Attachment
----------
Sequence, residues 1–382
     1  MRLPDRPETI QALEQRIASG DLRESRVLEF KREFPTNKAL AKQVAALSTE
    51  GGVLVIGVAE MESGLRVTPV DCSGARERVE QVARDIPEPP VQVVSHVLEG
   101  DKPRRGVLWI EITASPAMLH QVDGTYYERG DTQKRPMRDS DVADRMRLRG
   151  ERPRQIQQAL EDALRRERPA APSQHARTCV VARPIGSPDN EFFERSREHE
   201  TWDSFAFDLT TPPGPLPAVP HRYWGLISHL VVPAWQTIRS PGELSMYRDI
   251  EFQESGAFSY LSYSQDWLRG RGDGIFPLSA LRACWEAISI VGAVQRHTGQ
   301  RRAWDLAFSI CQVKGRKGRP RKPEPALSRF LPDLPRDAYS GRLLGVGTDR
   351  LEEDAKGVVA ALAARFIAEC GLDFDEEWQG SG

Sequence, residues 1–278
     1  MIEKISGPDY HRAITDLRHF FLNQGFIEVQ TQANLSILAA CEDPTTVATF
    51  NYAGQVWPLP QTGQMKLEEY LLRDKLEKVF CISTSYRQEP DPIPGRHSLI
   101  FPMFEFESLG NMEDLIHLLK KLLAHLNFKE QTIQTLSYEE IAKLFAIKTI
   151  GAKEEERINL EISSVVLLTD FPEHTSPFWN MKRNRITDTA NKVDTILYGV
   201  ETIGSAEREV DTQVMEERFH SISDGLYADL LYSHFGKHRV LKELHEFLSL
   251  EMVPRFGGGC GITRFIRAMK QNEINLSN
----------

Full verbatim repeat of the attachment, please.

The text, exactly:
Sequence, residues 1–382
     1  MRLPDRPETI QALEQRIASG DLRESRVLEF KREFPTNKAL AKQVAALSTE
    51  GGVLVIGVAE MESGLRVTPV DCSGARERVE QVARDIPEPP VQVVSHVLEG
   101  DKPRRGVLWI EITASPAMLH QVDGTYYERG DTQKRPMRDS DVADRMRLRG
   151  ERPRQIQQAL EDALRRERPA APSQHARTCV VARPIGSPDN EFFERSREHE
   201  TWDSFAFDLT TPPGPLPAVP HRYWGLISHL VVPAWQTIRS PGELSMYRDI
   251  EFQESGAFSY LSYSQDWLRG RGDGIFPLSA LRACWEAISI VGAVQRHTGQ
   301  RRAWDLAFSI CQVKGRKGRP RKPEPALSRF LPDLPRDAYS GRLLGVGTDR
   351  LEEDAKGVVA ALAARFIAEC GLDFDEEWQG SG

Sequence, residues 1–278
     1  MIEKISGPDY HRAITDLRHF FLNQGFIEVQ TQANLSILAA CEDPTTVATF
    51  NYAGQVWPLP QTGQMKLEEY LLRDKLEKVF CISTSYRQEP DPIPGRHSLI
   101  FPMFEFESLG NMEDLIHLLK KLLAHLNFKE QTIQTLSYEE IAKLFAIKTI
   151  GAKEEERINL EISSVVLLTD FPEHTSPFWN MKRNRITDTA NKVDTILYGV
   201  ETIGSAEREV DTQVMEERFH SISDGLYADL LYSHFGKHRV LKELHEFLSL
   251  EMVPRFGGGC GITRFIRAMK QNEINLSN